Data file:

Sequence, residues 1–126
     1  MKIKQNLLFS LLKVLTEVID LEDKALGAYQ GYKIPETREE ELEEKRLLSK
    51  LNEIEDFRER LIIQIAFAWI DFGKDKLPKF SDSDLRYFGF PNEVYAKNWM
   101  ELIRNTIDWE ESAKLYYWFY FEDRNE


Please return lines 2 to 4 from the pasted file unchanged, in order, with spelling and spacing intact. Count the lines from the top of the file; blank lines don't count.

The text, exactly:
     1  MKIKQNLLFS LLKVLTEVID LEDKALGAYQ GYKIPETREE ELEEKRLLSK
    51  LNEIEDFRER LIIQIAFAWI DFGKDKLPKF SDSDLRYFGF PNEVYAKNWM
   101  ELIRNTIDWE ESAKLYYWFY FEDRNE